The Culture of Schools The patterns of beliefs and assumptions that the faculty share about the school and their place in it Patterns, practices, espoused values, and artifacts that specify for all stakeholders who they are and how they are to function Schein (1992)
Culture A set of values and assumptions that underlie the statement “this is how we do things around here.” Tagiuri (1968)
Culture is the: Norms, Values, Beliefs, Traditions, Rituals, Ceremonies, and Myths upheld by the faculty.
Culture is the: Hidden assumptions that shape how people think about their work, relate to their colleagues, define their mission, and derive their sense of identity. Schein (1992)
School Culture Tells people in the school what is truly important and how they are to act. People commit their energy only to what they believe in, what captures their enthusiasm and imagination.
The Three Levels of Culture The artifacts level The values and beliefs level The underlying assumptions level Schein (1996)
The Artifacts Level Those daily rituals, ceremonies, and icons that are most conspicuous to the casual observer: Student’s math papers Roll call in class The bell for first period The long hallway in the main building
Values Internalized attitudes about what is right and wrong, ethical and unethical, moral and immoral Yukl (2002)
Values Are things individuals hold true and dear. Determine what should happen in the school.
The Importance of Values Values can influence a leader’s preferences and aspirations, perception of situations and problems, and choice of behavior in a particular situation.
The Importance of Values In many instances, what matters is how people see the world, and everyone sees it a little differently. Technical facts are not as available or as important.
The Values and Beliefs Level Values and beliefs form the basic organizational character of the school. Through shared values and beliefs, members of the faculty develop a sense of direction that guides their daily school routine. Schein (1992)
The Underlying Assumptions Level The symbols, values, and beliefs that are not clearly recognizable but continue to shape the behavior of the organization’s members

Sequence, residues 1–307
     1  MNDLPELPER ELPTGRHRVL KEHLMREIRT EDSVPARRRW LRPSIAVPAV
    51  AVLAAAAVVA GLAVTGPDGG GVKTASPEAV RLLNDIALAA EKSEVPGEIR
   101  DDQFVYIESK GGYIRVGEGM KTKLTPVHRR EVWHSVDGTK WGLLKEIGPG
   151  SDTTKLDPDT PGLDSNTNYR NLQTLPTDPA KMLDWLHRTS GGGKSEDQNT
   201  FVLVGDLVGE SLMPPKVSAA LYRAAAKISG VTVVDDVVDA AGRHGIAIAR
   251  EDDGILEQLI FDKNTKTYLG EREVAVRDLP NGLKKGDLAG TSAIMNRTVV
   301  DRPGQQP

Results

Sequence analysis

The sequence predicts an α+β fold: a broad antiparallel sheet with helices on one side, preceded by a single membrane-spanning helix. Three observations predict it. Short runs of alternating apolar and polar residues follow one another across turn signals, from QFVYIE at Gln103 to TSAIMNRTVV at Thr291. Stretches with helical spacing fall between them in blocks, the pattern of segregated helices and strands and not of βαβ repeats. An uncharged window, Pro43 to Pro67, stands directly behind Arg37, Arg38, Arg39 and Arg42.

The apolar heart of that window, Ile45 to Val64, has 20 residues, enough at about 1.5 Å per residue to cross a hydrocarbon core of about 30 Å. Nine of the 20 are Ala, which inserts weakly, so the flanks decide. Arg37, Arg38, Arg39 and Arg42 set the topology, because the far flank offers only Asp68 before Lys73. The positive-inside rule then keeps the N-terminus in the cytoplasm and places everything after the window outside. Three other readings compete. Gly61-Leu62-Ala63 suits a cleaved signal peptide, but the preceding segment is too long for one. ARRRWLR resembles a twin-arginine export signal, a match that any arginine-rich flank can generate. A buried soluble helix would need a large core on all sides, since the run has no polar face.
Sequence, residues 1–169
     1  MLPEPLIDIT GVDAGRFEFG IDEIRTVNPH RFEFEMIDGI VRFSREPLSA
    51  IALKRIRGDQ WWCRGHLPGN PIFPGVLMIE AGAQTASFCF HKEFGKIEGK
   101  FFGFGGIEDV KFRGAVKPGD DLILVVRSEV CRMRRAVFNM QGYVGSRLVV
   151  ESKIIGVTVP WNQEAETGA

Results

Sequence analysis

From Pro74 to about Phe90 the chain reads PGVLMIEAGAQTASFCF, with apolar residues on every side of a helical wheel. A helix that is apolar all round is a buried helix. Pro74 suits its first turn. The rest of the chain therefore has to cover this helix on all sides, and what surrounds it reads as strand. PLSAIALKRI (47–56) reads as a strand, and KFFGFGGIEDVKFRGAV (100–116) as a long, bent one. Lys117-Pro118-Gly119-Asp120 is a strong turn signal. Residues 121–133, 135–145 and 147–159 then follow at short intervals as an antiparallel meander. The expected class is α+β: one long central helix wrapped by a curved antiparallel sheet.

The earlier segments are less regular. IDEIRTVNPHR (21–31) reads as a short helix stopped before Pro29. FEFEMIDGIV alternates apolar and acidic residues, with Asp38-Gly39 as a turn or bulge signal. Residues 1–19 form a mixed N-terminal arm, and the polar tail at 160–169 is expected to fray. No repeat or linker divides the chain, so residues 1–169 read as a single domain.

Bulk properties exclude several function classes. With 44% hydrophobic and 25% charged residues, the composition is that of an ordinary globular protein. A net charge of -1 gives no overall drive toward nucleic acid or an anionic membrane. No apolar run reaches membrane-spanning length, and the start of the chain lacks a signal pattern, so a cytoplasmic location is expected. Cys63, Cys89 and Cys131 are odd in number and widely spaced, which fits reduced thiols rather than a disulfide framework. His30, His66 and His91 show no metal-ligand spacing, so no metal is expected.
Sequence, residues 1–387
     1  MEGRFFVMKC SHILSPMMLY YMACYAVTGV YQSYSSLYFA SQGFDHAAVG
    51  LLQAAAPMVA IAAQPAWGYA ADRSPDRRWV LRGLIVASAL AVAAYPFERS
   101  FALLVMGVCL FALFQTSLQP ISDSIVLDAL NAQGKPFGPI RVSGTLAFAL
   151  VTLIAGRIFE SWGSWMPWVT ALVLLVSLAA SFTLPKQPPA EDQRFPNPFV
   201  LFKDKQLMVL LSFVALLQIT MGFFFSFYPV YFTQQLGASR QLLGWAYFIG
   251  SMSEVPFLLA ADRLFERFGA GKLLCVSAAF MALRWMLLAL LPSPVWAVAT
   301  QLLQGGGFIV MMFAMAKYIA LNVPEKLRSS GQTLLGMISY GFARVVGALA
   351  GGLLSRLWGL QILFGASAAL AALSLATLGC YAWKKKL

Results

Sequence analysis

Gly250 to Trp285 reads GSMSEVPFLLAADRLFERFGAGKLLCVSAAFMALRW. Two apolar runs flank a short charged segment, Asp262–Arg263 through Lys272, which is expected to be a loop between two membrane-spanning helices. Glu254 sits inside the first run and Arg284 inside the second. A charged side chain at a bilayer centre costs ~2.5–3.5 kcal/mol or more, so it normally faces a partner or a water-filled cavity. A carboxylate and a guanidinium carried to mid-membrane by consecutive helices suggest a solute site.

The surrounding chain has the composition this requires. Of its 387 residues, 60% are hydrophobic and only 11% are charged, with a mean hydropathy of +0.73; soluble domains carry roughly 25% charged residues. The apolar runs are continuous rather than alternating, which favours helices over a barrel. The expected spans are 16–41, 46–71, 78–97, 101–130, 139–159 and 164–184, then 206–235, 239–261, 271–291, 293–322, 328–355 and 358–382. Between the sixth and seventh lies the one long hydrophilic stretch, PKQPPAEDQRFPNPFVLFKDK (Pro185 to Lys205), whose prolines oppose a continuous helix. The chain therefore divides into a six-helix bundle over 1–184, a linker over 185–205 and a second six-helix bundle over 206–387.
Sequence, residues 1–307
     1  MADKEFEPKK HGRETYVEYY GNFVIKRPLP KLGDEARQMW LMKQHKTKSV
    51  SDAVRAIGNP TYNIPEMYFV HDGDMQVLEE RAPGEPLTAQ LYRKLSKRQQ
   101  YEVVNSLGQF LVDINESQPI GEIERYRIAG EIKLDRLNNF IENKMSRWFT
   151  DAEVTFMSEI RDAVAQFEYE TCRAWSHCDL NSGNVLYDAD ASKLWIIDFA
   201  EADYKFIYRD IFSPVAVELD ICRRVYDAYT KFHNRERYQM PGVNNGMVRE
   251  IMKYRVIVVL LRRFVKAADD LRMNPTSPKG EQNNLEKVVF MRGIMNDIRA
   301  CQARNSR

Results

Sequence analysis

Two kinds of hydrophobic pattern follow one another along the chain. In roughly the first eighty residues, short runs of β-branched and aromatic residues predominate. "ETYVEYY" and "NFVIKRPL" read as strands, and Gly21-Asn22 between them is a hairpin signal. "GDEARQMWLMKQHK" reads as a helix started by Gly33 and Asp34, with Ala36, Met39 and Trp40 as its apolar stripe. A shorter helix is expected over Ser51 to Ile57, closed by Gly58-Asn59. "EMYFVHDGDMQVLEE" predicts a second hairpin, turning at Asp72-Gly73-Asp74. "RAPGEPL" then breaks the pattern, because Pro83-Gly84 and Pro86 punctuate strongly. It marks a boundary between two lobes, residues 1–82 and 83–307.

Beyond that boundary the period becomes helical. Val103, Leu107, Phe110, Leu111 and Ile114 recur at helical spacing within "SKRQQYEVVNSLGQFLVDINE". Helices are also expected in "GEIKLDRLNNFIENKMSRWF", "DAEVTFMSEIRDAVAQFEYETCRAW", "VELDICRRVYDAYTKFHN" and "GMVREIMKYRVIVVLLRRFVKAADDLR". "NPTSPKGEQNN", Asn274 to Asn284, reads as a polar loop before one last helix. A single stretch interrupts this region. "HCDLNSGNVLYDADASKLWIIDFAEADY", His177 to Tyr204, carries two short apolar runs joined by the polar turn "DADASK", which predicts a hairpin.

The Function of Culture Culture helps us understand the environment and determine how to respond to it, thereby reducing anxiety, uncertainty, and confusion.
The Leader’s Challenge To develop a consensus around values that constitute an effective culture, such as high expectations, commitment, mutual respect, confidence, continuous improvement, experimentation and risk-taking, and an insistence that all students will learn
Climate is a description of people’s shared perception of the quality of the environment or work unit. Climate is the totality of our surroundings. Halpin and Croft (1963)
Climate The climate of a school may be warm and pleasant or it may be hostile and unpleasant.
Climate The climate of a school reflects the culture of a school.
The Key To Restructuring Schools is a change in: Culture, Climate, and Interpersonal Relationships.
References Halpin, A. & Croft, D. (1963). The organizational climate of schools. Chicago: University of Chicago Press. Schein, E. H. (1992). Organizational culture and leadership (2 nd ed.) San Francisco, CA: Jossey- Bass. Tagiuri, R. (1968). The concept of organizational climate, in Renato Tagiuri and George H. Litwin, eds., Organizational Climate: Exploration of a Concept. Boston: Harvard University, Division of Research, Graduate School of Business Administration. Yukl, G. (2002). Leadership in organizations (5 th ed). Upper Saddle River, NJ: Prentice Hall.